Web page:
Better markers of insulin growth factor among men participating in a diet and exercise program (weak evidence)

Better markers of blood sugar and insulin among people participating in both diet and exercise (weak evidence)

Managing Stress

In response to stress, the body acts to make glucose available in the bloodstream: insulin levels fall, glucagon and epinephrine (adrenaline) levels rise and more glucose is released from the liver. At the same time, growth hormone and cortisol levels rise, which causes body tissues (muscle and fat) to be less sensitive to insulin. 124Diabetes Education Online. Blood Sugar & Stress. University of California, San Francisco. Viewed September 16, 2022.

Sleeping Well: good and weak evidence

Higher risk of prediabetes or diabetes among people with either short (5–6 hours/day) or long (more than 8 hours/day) sleep durations (good evidence)

Better markers of blood sugar and insulin resistance among people with better reported sleep quality (weak evidence)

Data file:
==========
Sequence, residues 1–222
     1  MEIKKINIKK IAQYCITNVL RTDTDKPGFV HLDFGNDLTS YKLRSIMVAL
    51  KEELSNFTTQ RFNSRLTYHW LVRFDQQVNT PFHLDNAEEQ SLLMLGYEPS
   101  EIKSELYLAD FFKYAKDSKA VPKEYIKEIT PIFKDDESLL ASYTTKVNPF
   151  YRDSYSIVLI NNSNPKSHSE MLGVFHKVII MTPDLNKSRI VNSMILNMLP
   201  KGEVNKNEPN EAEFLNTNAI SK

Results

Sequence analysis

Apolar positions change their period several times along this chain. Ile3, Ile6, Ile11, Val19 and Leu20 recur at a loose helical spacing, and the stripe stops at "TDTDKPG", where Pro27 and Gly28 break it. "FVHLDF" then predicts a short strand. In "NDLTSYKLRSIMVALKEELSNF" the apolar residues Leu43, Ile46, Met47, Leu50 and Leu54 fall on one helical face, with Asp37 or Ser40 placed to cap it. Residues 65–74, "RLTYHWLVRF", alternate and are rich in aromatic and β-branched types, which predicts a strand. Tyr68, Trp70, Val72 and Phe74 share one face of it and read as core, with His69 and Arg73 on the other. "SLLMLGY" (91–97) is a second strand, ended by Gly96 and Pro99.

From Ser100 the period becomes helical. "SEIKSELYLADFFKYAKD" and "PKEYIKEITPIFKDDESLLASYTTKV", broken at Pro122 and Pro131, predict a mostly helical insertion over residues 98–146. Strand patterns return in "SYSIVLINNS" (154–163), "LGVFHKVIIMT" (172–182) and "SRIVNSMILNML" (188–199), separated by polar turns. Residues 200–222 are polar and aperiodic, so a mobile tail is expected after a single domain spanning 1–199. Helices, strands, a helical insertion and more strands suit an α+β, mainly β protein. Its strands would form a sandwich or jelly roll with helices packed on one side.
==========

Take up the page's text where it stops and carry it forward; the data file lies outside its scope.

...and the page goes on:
Creating a Healing Environment: good evidence

Higher risk of type 2 diabetes among people without cancer with the highest body levels of bisphenol A (BPA) (good evidence)

Manage your body weight

Better blood sugar and insulin sensitivity among people losing weight (modest evidence)

Complementary therapies

We present complementary therapies supported by evidence for managing high blood sugar and insulin resistancea condition in which cells in your muscles, fat, and liver don’t respond well to insulin and can’t efficiently take up glucose from your blood for energy. Those with the best evidence are presented first. Details of research evidence are on our reviews of each therapy.

A therapy may show a stronger effect or have more evidence in some situations than in others.

Good or modest evidence of benefit